Generator Advice

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turkeyrun

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We were without electricity for 2 weeks, this past July.

Ran a 6kw / 6.5kw peak portable Gen for 2 weeks. RV for A/C and refrigerator, 2 freezers in house. Used less than 6 gal gasoline a day. Not cheap, a pain to go get gas every day and fill Gen tank, but we got through it.

Son has a HF 9kw "portable", GET THE EXTENDED WARRANTY, he has plugged into whole house and not had problems. Be diligent on load and run only necessities.


Get some more bids on that install. $16k is RIDICULOUS!
 

Raido Free America

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Rural out where I am, some of the decent sized outfits have people that do all kinds of stuff rather than staying hyper specialized in their thing. But yes, I'm out where anything goes too.
Being a retired Fire Fighter, I understand the need for codes, especially electrical codes, but anything can be overdone! Politicians all crave MORE CONTROL!!
 

Raido Free America

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Gasoline/Diesel powered generators are a pain to keep fueled, plus expensive to operate. We had a propane powered generator in an RV, and that worked great, had two 50lb propane tanks, plus the engine ran so clean, I never changed the oil, in 10 years. It didn't look like it needed it, We didn't use it much, mostly just ran it every 2/3 months to keep it working. If I was going to spend the money for a whole house type generator, I would go with a tri-fuel portable generator, that will run on Natural Gas, Propane and Gasoline. Natural Gas in this area is unlikely to go down even in a prolonged power outage, because I understand they have gas turbine compressors, as well as electric powered compressors, in this part of the country. If we did lose NG, this generator would still run on Gasoline!!
 

Raido Free America

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The country store back home at Moreland Arkansas, a tiny Ozark village, that was the information, cultural hub of the area. There was a destructive tornado, the worst in anyone's memory, so the loafers at the store decided to have a fund raiser, and build a community storm shelter. These people were all handy at just about anything, and did all the work, and ended up with a great storm shelter large enough to accommodate everyone. At the daily bull session, and checker game, under the shade tree at the store a few days later, one of the village elders, said, " After all that work I hope we have another bad tornado!" Kinda like deciding to buy, or not buy, a generator?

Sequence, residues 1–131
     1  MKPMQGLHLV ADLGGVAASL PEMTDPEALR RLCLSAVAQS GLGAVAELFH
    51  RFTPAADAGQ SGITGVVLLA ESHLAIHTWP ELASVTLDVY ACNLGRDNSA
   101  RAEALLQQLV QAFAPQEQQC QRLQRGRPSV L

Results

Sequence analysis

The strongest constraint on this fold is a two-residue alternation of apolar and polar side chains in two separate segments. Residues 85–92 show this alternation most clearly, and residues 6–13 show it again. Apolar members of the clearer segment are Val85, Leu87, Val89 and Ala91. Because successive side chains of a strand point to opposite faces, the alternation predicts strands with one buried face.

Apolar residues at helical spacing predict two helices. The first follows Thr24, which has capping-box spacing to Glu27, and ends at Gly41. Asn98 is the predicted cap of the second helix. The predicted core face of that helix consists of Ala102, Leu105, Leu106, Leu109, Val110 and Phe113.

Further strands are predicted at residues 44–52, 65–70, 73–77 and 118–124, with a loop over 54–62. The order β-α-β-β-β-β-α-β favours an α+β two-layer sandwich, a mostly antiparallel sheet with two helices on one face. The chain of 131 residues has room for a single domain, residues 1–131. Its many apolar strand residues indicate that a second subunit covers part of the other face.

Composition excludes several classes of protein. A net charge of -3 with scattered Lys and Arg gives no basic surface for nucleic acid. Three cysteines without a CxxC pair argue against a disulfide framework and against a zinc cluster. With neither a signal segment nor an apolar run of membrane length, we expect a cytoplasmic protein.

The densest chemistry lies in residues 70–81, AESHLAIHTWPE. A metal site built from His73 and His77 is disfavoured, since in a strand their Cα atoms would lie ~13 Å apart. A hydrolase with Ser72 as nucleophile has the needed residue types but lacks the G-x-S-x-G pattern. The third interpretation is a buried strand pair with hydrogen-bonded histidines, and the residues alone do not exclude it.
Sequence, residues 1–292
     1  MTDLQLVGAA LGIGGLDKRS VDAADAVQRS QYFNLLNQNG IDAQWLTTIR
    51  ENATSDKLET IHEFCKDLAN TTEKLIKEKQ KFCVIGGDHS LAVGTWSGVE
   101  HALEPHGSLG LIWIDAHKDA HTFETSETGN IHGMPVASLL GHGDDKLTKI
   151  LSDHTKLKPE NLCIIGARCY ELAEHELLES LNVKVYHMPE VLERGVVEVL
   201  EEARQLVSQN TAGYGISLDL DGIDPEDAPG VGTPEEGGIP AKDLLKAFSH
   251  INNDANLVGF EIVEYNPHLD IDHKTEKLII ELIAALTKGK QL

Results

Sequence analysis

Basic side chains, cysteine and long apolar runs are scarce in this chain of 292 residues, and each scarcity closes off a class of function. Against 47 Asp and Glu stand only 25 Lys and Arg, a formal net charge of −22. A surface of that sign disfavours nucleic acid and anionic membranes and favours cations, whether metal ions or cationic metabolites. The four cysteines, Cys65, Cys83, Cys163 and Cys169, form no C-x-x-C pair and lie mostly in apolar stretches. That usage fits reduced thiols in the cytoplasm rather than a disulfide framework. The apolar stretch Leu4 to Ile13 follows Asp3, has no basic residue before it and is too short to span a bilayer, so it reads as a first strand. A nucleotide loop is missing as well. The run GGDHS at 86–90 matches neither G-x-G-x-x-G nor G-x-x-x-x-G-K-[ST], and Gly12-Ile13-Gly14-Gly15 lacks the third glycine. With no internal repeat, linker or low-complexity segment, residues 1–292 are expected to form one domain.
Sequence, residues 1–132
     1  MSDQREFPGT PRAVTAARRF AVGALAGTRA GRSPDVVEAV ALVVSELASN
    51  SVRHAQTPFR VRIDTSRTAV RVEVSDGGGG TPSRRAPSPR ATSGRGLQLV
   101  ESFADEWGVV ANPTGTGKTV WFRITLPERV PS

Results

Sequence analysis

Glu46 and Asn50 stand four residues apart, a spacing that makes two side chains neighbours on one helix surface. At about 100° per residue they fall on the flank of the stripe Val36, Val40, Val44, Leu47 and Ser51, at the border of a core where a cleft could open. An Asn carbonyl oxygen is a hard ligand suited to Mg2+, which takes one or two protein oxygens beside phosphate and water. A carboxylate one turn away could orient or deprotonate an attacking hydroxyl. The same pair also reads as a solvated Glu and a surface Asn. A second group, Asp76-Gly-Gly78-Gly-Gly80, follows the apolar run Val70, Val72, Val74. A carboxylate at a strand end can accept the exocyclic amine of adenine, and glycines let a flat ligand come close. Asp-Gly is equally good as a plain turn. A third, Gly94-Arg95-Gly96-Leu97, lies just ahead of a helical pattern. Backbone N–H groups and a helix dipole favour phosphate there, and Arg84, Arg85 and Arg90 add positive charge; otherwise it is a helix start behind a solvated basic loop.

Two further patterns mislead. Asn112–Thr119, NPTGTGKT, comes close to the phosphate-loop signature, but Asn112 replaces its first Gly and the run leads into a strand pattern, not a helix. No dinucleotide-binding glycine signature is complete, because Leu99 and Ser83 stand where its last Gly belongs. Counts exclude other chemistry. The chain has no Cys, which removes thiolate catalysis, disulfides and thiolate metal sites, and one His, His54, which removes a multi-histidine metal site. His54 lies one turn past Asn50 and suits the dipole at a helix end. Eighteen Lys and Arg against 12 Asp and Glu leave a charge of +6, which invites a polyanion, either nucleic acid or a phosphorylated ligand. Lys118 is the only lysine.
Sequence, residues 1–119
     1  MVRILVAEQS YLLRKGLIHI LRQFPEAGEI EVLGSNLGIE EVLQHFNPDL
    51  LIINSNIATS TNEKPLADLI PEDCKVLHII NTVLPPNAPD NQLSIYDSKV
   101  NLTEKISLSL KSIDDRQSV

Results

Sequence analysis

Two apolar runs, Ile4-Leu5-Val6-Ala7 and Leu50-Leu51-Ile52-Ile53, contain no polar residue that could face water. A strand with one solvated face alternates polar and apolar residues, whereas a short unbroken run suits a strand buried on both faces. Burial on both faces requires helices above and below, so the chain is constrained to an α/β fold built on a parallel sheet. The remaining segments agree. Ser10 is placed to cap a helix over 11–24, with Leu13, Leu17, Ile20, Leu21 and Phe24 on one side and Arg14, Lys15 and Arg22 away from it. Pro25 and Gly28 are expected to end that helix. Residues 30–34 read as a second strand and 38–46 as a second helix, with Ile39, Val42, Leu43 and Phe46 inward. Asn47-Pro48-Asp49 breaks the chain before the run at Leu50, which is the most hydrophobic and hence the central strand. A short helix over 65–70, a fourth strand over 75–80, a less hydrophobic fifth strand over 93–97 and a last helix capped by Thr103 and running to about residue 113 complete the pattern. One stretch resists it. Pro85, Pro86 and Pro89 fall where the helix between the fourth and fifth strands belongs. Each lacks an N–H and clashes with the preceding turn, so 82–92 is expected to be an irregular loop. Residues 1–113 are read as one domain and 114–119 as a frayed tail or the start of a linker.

cowadle

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one thing to remember is that you want lpg vapor and not liquid lpg so to prevent a fire you must not tip your ptopane bottle over on it's side. you will flood the regulator with liquid and probably get a bad situation fast.
 

Raido Free America

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So electricity goes out and you lose everything in your refrig and freezer. It is bad but if you don't spring for an expensive generator and installation, you can buy it all for a fraction of what the generator and installation cost.
At some point you could spend more than what you save is worth. But then there is the comfort of your family to consider? We compromised and went with a cheap generator, big enough to run the freezer, refrig. and fan on the gas furnace, or wood stove. We had a generator mounted in a RV, for many years that we could have used in the house, but ever once used it, not even in the RV!
 

Letfreedomring

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How do the propane/nat-gas regulators work in freezing and below temps when it is more likely to lose grid power? Are they prone to freezing? Haven't heard of it being an issue lately, but I remember early 80's vehicle conversions were prone to freeze up.
 

cowadle

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How do the propane/nat-gas regulators work in freezing and below temps when it is more likely to lose grid power? Are they prone to freezing? Haven't heard of it being an issue lately, but I remember early 80's vehicle conversions were prone to freeze up.
Shouldn't be any freezing problems unless there's moisture in the fuel. A little ethanol in the tank takez care of that.
 

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